Let's say there is a spider and an ant in a square box. The ant stays in the center of the box. The spider walks a random distance, in a random direction. What are the chances that he will meet the ant?
If you're talking about two geometric points representing the spider and the ant, the probability is 0. If one or both are modeled to occupy a measurable space, the probability is 1 given a finite space and no time limit.
The problem doesn't sound well-defined. How many possible directions are there for the spider to walk in? How many possible distances? (If you want to keep things simple, pick a finite number.) Where does the spider start? What is the shape of the path that the spider walks in? I can't agree with SW VandeCarr because, if the spider crawls in a straight line along the inside of the box, it's going to stay in one plane, and if the ant isn't in that plane, the spider can walk forever and never meet the ant.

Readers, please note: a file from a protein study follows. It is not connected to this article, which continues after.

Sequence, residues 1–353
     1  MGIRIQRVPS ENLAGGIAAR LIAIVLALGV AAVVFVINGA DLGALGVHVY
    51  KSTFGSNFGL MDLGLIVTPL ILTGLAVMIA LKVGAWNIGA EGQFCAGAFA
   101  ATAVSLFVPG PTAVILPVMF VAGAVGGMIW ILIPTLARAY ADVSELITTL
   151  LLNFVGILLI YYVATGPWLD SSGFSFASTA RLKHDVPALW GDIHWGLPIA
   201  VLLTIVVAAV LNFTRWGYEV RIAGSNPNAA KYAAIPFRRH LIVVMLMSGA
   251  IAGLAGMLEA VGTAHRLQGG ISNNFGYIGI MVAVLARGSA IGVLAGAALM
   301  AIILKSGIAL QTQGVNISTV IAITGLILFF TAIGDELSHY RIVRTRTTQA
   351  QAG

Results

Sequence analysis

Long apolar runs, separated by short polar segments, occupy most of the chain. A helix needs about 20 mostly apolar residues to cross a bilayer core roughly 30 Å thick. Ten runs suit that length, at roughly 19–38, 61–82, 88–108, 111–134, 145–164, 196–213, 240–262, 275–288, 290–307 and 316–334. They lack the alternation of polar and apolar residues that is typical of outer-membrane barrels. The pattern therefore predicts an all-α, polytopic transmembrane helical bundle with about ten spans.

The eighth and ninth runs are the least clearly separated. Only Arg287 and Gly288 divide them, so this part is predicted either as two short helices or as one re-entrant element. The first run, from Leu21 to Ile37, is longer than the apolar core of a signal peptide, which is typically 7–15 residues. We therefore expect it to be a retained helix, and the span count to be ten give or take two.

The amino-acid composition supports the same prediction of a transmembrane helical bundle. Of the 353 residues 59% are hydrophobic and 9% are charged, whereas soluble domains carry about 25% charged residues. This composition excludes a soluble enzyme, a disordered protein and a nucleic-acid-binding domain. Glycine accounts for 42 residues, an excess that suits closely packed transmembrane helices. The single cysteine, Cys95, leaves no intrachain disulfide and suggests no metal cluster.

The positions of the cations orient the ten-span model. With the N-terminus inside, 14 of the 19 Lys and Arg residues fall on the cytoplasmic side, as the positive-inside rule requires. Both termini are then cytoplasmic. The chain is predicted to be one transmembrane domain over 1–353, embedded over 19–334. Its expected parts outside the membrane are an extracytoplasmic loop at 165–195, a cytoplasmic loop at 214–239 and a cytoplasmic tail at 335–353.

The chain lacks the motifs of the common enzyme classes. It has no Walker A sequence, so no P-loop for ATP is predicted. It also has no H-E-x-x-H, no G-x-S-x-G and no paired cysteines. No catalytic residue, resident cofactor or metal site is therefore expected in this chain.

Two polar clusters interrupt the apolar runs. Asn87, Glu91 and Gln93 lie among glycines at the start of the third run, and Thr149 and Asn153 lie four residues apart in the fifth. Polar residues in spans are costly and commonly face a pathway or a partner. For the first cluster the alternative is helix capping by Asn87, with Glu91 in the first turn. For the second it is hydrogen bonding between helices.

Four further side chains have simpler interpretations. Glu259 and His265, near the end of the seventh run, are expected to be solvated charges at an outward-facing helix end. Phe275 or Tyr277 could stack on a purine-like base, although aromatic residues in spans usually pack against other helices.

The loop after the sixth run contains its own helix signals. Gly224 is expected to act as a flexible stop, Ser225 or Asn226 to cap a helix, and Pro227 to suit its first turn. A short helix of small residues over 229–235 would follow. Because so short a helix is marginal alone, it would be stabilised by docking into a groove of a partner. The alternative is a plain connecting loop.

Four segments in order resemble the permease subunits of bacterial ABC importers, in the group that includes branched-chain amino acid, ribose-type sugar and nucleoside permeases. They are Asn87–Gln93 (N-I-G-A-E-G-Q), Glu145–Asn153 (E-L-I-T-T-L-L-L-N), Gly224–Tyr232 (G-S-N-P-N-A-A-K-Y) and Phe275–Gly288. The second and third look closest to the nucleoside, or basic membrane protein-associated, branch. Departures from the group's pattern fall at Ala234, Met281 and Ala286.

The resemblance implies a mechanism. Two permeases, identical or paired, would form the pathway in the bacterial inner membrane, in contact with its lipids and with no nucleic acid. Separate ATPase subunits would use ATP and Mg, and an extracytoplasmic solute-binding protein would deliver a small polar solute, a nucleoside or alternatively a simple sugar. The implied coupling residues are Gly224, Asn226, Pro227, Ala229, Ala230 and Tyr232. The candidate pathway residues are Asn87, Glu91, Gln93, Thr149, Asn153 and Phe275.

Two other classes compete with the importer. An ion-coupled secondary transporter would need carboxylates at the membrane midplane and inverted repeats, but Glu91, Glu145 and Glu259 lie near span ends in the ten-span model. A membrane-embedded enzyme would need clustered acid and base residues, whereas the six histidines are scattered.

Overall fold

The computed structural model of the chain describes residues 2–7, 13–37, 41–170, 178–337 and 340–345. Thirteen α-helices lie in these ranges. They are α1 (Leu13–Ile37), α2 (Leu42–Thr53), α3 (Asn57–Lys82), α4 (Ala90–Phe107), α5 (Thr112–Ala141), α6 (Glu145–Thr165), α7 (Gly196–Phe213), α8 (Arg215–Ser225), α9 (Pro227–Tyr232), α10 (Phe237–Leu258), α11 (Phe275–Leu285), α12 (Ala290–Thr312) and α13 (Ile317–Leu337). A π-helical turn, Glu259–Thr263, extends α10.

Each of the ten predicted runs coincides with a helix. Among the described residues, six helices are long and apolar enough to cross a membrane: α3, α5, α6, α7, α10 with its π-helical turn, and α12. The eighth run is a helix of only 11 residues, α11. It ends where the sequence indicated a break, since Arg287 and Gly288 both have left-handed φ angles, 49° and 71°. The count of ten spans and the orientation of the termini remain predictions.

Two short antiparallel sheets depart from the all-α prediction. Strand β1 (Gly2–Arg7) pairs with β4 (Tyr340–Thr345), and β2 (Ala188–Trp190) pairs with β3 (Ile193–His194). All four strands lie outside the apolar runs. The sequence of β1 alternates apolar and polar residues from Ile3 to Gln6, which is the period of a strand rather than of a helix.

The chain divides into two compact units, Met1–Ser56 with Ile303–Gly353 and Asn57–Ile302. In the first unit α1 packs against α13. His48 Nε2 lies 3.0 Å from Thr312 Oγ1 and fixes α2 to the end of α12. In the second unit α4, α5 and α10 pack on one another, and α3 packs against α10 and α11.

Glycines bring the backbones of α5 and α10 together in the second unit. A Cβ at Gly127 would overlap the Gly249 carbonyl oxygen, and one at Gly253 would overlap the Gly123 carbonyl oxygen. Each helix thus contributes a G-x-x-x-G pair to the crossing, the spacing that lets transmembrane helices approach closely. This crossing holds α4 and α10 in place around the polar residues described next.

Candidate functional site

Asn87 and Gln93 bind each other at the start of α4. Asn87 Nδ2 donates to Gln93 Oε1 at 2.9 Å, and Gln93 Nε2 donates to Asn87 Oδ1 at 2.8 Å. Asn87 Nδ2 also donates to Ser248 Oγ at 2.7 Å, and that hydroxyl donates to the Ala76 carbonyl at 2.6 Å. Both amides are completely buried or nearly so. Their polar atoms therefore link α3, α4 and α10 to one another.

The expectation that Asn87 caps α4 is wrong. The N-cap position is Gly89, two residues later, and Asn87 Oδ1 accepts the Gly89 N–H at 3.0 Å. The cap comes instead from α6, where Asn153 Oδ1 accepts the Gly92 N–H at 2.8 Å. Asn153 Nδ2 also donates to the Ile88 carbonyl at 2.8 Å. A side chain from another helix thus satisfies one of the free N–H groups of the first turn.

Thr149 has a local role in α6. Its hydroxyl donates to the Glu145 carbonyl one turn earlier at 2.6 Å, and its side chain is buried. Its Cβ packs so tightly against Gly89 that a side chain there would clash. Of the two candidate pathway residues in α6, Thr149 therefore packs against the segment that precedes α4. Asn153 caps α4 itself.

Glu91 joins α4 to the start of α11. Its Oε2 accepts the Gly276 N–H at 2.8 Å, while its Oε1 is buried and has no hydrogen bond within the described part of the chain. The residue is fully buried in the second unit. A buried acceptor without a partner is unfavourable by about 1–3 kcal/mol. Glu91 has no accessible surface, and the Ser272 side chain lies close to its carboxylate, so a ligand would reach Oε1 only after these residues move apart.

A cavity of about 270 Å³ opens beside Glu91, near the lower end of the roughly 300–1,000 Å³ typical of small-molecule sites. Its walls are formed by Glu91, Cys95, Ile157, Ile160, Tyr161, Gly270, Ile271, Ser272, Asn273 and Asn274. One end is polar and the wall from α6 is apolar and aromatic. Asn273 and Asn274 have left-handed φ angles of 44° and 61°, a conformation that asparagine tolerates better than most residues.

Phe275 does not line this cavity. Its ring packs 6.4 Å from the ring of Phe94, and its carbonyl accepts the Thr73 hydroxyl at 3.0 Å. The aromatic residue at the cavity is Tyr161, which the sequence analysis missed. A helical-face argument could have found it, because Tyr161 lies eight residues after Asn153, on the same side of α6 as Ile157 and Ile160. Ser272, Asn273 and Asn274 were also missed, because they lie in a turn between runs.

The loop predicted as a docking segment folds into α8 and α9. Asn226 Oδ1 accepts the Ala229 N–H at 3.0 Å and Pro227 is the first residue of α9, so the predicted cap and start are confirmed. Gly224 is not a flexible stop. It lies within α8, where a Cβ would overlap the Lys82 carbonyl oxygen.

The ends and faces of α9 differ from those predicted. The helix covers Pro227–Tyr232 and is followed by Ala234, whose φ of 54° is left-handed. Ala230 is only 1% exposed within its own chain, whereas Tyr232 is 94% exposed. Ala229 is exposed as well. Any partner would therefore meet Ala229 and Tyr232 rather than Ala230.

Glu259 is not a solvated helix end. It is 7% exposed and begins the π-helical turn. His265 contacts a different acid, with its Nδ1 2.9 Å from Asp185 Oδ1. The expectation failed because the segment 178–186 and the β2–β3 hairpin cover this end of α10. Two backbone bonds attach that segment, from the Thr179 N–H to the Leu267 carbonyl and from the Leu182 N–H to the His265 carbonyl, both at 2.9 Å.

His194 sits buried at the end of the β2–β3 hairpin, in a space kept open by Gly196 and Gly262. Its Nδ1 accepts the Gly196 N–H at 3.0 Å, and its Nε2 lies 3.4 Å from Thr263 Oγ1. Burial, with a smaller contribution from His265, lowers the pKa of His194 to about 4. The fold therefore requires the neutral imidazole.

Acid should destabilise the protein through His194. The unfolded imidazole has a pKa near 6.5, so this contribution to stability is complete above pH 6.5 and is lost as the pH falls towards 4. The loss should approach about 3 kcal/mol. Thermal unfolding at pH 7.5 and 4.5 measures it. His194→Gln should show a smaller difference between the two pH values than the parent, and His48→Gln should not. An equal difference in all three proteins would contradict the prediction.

I understood that by saying the spider walks in a random direction for a random distance, the OP was attempting to describe Brownian type motion in a finite space with no time limit. Otherwise the question makes no sense.